Accompanying such body mods, you may expect wide arch extensions and deep-dish alloys, but the subtle theme extends to the period GT wheels. As the regulation wheel for BL’s 1275 GT Challenge series in the late ‘70s, GKN Silverstone wheels have to be one of the most desirable alloys for any Clubman. The trouble is, they’re so sought after today that decent sets can change hands for over £2000! There is another option though, and Les managed to find a set of similar 5x12-inch alloys from the early Metro Challenge cars. “I managed to get them for £300 – a bit of a bargain,” he says. “If you look carefully at the centres they’re machined slightly differently, not that it worries me for that price difference!”
While a professional body restoration was out of the question, the paint job would be handled by his local bodyshop, especially as he was after a show car finish. “Back in the late ‘90s, early 2000s, I had a Honda Integra Type R in a lovely colour called Pirates Black,” says Les. “So I always knew I’d get the Mini sprayed in the same colour. It’s not a flip paint as such, but it looks black in the shade and has a purple fleck that really comes out strong on a sunny day.”
The paint choice was apt, given Les’ engine conversion of choice. “To be honest I never really considered any other engines, like Vauxhall or Rover, as I loved the way the Integra Type R used to go,” he says. “The power delivery isn’t like a turbo where it kicks in hard at 3000rpm, it’s more like 4000rpm, so you can drive it sedately around town if you want. So I bought an Allspeed conversion front subframe and pulled a VTEC B18C engine from a DC2 Integra Type R.”
The standard-spec engine came with the gearbox, wiring loom, original clocks and all the ancillaries. And even in standard trim it’s a potent package to wedge in the front of such a lightweight car, pushing out just under 200bhp once the variable valve timing kicks in. “That’s plenty for what I want,” says Les. “I’m not going down the forced induction route – I don’t need to, as it’ll spin-up the front wheels enough as it is. The engine’s about the only thing I’ve not needed to rebuild on the car. It came straight from a breakers yard with 114,000 on it, I cleaned it up, painted a few bits and dropped it in.”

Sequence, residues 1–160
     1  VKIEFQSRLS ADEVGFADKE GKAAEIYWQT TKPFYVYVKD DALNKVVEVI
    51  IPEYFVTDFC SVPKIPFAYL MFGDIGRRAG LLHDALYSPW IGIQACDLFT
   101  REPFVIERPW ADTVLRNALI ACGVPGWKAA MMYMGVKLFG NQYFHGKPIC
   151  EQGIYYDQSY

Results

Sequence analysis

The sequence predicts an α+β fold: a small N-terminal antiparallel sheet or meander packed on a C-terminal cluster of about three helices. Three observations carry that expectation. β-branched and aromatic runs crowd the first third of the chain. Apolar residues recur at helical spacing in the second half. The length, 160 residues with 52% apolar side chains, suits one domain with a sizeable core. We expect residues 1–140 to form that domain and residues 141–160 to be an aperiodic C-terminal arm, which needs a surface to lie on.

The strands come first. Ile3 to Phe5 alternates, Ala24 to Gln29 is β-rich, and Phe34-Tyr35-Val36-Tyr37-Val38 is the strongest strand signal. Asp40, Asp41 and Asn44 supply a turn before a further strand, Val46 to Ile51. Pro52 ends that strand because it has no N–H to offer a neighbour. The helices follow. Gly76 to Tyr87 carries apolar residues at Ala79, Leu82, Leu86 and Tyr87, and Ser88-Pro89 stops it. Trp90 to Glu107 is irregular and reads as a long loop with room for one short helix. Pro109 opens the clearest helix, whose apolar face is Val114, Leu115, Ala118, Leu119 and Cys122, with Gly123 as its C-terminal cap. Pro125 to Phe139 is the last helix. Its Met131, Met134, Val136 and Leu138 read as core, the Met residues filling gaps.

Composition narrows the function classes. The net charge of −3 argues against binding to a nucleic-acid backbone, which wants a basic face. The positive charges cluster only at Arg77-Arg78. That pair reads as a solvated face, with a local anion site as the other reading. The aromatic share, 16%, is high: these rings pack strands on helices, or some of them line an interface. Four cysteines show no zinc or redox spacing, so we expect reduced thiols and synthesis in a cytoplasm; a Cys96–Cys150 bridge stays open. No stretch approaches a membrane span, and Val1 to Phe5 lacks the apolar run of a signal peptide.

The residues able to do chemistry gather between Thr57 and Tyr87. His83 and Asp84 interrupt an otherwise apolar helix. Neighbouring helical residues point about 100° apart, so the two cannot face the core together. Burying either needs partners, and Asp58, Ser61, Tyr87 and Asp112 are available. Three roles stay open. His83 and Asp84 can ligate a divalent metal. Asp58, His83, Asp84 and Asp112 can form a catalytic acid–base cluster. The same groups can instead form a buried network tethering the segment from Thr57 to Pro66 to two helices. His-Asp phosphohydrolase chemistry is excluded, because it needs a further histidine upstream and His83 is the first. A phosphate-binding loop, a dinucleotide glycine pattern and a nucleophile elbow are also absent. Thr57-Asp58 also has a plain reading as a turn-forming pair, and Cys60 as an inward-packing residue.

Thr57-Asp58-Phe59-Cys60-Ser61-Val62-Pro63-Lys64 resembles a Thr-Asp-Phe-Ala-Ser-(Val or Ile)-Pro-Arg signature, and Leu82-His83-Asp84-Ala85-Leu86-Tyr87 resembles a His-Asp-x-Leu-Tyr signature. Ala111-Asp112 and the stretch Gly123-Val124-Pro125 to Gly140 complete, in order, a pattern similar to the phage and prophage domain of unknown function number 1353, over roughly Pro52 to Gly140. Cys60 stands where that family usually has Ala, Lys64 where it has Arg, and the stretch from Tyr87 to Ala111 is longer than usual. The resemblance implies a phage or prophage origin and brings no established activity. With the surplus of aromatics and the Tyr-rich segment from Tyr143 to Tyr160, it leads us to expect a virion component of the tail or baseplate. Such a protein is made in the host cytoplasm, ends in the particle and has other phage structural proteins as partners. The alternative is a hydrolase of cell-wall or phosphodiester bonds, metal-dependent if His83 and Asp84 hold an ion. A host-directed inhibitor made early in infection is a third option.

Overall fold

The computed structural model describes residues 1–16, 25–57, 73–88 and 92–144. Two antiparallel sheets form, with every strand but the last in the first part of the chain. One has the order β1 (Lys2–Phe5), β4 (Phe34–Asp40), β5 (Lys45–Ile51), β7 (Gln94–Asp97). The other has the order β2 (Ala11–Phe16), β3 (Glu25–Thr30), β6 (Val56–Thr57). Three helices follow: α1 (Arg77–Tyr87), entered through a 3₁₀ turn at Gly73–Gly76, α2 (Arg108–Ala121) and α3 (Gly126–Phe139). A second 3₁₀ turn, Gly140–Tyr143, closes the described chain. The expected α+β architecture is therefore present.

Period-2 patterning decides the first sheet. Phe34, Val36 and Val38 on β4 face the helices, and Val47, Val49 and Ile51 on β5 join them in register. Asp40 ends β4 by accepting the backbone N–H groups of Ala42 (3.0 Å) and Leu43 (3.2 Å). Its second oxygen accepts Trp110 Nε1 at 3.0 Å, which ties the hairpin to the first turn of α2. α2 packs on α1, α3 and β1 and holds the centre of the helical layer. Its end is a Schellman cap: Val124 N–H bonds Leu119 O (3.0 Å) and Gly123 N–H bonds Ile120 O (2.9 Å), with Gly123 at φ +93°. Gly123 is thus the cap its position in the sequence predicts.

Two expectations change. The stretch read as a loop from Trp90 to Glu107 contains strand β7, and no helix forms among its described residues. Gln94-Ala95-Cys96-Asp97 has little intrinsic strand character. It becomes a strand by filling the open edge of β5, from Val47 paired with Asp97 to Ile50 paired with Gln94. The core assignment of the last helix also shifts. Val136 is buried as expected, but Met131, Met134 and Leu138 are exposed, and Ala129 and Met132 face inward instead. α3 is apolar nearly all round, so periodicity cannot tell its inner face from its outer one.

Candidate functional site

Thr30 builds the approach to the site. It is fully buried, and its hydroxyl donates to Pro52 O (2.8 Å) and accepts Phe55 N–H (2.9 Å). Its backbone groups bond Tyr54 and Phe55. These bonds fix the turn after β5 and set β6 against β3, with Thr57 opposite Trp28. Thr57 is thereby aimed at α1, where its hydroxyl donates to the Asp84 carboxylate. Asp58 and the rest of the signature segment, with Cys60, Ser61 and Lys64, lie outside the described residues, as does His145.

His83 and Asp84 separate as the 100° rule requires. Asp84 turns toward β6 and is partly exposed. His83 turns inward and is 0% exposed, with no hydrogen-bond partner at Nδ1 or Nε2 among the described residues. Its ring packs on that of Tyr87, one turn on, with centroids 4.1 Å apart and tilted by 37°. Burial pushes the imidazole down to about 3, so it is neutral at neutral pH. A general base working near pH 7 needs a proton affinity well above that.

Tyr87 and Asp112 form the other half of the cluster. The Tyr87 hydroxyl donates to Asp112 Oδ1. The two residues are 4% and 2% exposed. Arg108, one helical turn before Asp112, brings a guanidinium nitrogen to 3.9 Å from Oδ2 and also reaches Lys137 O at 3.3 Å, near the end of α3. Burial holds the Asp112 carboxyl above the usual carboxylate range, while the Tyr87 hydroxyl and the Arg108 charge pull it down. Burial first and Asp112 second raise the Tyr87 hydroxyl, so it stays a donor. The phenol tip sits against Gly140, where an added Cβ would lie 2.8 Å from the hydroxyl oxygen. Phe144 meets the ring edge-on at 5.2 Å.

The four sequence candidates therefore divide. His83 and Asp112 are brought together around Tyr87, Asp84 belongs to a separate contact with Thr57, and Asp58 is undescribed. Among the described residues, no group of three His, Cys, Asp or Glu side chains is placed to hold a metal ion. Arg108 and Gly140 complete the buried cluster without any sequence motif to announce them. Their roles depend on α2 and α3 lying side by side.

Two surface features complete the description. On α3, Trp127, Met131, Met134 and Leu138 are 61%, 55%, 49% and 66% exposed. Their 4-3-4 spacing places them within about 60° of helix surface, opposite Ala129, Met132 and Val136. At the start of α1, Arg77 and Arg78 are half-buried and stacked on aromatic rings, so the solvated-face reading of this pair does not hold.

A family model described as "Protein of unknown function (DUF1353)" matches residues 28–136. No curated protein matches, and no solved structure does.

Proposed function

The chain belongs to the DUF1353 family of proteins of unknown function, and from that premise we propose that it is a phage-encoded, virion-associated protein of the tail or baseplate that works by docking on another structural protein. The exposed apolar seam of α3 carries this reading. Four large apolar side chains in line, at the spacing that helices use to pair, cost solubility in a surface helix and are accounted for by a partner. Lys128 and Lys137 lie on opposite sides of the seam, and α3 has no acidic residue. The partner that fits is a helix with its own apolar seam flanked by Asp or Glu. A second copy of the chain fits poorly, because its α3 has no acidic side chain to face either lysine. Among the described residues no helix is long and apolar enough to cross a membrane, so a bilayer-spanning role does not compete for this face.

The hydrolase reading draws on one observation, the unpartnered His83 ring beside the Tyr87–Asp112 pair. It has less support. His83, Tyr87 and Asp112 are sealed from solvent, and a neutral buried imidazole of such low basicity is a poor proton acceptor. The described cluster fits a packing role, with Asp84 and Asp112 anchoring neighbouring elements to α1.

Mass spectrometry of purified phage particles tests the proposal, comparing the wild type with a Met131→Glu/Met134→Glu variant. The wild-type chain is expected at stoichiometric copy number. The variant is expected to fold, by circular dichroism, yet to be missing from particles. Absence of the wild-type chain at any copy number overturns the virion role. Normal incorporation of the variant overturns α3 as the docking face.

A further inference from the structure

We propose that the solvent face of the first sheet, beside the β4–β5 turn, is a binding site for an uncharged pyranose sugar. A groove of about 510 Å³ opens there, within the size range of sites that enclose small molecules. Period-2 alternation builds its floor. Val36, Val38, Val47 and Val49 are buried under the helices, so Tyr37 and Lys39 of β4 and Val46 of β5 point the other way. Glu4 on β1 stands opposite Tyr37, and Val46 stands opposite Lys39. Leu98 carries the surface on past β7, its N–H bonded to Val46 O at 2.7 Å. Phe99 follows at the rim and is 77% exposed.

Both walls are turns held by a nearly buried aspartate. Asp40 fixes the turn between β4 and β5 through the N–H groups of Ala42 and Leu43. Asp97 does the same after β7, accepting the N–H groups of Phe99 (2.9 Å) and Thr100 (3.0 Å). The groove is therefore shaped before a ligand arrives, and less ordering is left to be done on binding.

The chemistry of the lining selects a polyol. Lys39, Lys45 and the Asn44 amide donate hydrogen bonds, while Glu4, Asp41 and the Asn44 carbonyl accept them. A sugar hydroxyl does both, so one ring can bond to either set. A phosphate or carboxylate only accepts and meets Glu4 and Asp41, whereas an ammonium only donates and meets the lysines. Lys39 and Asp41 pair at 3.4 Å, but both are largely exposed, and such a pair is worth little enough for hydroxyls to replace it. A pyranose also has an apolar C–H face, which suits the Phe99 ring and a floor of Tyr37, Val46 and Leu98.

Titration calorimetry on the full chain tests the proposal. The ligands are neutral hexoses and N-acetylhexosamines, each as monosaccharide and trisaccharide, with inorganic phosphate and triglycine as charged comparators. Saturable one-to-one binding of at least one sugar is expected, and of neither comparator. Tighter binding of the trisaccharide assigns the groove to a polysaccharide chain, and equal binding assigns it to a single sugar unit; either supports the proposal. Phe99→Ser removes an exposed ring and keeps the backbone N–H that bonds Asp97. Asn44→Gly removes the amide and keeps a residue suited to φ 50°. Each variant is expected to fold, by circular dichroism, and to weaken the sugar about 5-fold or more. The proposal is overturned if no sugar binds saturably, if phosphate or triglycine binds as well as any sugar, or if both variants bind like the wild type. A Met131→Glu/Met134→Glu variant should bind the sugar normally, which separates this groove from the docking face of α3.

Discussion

Most of the conversion gear came with the Allspeed Engineering front subframe, which retains the standard-style towers so you can use regular suspension cones and Mini hubs. “I ordered everything from them apart from the driveshafts,” says Les, “as I knew a guy from work who’s a coded welder and he offered to help. You end up with half Mini, half Honda shafts. I cut them down to the right length, then they were placed in a lathe at work, centre drilled, chamfered,
pinned and welded up – a proper job.”
Dropping the engine into the subframe was apparently easy enough, but wiring the modern Honda loom to the Mini’s rather basic setup proved a challenge. Much of the Integra loom becomes redundant in a Mini, as it hooks up to stuff like ABS and climate control, where really you only need the basic engine and dashboard connections. “David from Wired by Wilson is really into Mini electrics,” Les continues, “so I asked him to come over, take a look at the loom and the clocks and see if he could sort it. He had plenty of sleepless nights with Honda wiring diagrams, then came back about a month later with a modified loom. We plugged it in and the engine fired up straight away. I suppose running the Honda clocks keeps things more simple with the electronic speedo. The car and engine wiring is essentially separate, and David also extended the ECU wiring so it’s in the car not under the bonnet.”
A huge part of Les’ project revolved around the sound system, as he was a keen soundoff competitor back with his previous Mini. We’re not talking about ground-pounding hooliganism in a McDonald’s car park, but a well balanced system with a focus on sound quality. We managed to have a listen to his previous install, and it was mightily impressive – a winner in fact at the Kent IMM in 2014.